Taking inspiration from European and Japanese intellectuals, artists, and other public figures, Cohérence’s SS19 collection fuses classical men’s tailoring references with more contemporary design and an emphasis on the innovative application of technology – particularly with regards to textiles – to create elegant outerwear of the utmost quality.

Trench, Coherence

All Cohérence products are made in Japan, as are the fabrics the label works with – many of which are proprietary to the brand. As with all the best Japanese designers, there’s a real attention to detail here, and production values are exemplary. Reflecting the label’s focus upon updated classicism, I can just as easily envision Cohérence’s macs and trenches being incorporated into quite sharp, edgy looks as I can imagine them draped over a CEO’s shoulders as he passes from private jet to boardroom.

The label was at pains to stress that they are going for a “masculine look, not short or fitted.” As someone who makes no attempt to disguise his willowy build, being told I’m somehow less masculine (whatever that might mean: my genitals aren’t going anywhere) for choosing not to hide my skinny frame under billowing, tent-like clothing probably shouldn’t make me all that sympathetic to Cohérence’s cause. But this narrow and anachronistic concept of manhood aside, I have to say that I really quite liked the brand’s products.

In any case, I didn’t notice the cut of the garments to be especially voluminous. Perhaps something was lost in translation, and the intention was more a reaction against the pulse-restricting silhouettes that have dominated for the last decade or so. While I personally wouldn’t consider either look superior to the other, creativity thrives when it has something to kick against, so I’m happy to let this one pass.

Indeed, elegant, well-proportioned, and beautifully constructed from high quality fabrics, there’s a lot to like about Cohérence. Money being no obstacle then, I’d purchase from the brand in a flash. However, high production values come with prices to match, so it’s quite unlikely that I’ll be placing an order anytime soon. Ho hum.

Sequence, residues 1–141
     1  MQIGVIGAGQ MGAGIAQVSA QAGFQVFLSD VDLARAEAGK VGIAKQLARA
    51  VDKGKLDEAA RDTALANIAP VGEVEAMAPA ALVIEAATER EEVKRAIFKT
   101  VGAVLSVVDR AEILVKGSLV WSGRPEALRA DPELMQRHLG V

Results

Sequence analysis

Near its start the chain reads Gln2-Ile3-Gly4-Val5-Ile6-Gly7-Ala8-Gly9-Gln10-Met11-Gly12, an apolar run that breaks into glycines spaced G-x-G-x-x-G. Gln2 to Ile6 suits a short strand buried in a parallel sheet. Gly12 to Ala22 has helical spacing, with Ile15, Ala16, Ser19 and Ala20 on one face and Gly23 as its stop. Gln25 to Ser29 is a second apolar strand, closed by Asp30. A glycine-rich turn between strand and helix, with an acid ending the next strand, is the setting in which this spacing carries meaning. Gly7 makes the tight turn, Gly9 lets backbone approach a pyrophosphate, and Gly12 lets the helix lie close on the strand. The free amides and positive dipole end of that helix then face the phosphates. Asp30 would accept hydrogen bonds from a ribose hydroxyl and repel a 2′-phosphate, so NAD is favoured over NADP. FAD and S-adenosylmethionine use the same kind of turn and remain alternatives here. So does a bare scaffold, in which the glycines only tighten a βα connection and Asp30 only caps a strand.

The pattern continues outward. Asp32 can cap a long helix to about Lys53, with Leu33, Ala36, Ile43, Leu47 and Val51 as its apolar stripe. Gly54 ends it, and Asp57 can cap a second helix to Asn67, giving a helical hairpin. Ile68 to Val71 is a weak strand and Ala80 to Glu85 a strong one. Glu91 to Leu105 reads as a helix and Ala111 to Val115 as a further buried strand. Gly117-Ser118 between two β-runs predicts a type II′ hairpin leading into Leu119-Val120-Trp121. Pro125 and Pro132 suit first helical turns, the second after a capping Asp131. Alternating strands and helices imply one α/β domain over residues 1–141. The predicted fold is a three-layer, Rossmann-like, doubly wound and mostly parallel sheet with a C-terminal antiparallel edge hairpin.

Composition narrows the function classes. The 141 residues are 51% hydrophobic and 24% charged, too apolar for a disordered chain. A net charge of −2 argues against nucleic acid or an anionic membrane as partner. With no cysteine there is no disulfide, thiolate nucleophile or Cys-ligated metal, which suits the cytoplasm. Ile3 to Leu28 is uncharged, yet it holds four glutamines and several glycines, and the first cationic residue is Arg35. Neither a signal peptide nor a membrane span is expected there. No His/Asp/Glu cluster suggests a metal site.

Kings of Indigo

Kings of Indigo is an Amsterdam-based denim brand that I had not previously come across. For SS19 the label offers a quite fresh-looking range of jeans and casual wear in a strong and lively color palette. After decades in which high-end denim was pretty much only available in various shades of indigo, over the last few years the unbleached and un-dyed look has become the true mark of the fashion-conscious. And despite the color-committed moniker, Kings of Indigo has this angle well covered too, with a range of jeans, shirts and jackets in raw ecru.

Kings of Indigo, Koi, Brand Lookbook
Kings of Indigo

Beyond the vibrancy of the brand’s designs, Kings of Indigo is inspiring for its clear commitment to a more sustainable and ethical form of garment production. Indeed, 18 months ago, the label earned the title of “most sustainable denim producer in Europe.” As part of this commitment, the brand is transparent about the sourcing of its textiles and place of production (Europe, or nearby) – listing this info on its website.

Kings of Indigo’s designs are “inspired by American classics with a Japanese eye for detail.” At one point the label was even called Koi. Concentrating on denim, it is understandable that both the US and Japan will loom large (pun intended) as points of reference for the brand. However, Kings of Indigo goes a little further than this, drawing upon Japanese iconography for everything from brand logo to T-shirt designs.

As will be apparent from the number of Japanese brands featured in this article, I appreciate Japanese style as much as anyone. However if I want Japanese details, I’ll turn to Japanese designers. Not that it’s any of my business of course, but I would much rather see an exemplary European denim brand such as Kings of Indigo pursuing a more uniquely homegrown direction.

Can I be accused of double standards after raving about Japanese brand Haversack’s classic English-inspired looks? Perhaps. Yet Haversack offers a reinterpretation of a bygone Britishness that can’t really be found anywhere else (if indeed it could ever be found). Meanwhile, Evisu already exists.

This minor criticism aside, there’s enough going on with Kings of Indigo beyond mock-Nipponica for the label to be worth checking out. What’s more, I have only praise for the brand’s dedication to developing a more sustainable and transparent production model.

If the first installment of this series is rather heavily weighted towards Japanese labels, this is of course in part because my own tastes tend to lean more towards clean and understated apparel of precisely the kind Japanese designers so often excel at. However, it also simply reflects the efficiency and speed in which brand press officers supplied us with images to illustrate the article. This being the case, you will still find a number of Japanese brands reviewed in Part 2, however there will also be several others originating from nations with, shall we say, a somewhat more relaxed attitude to business and promotion.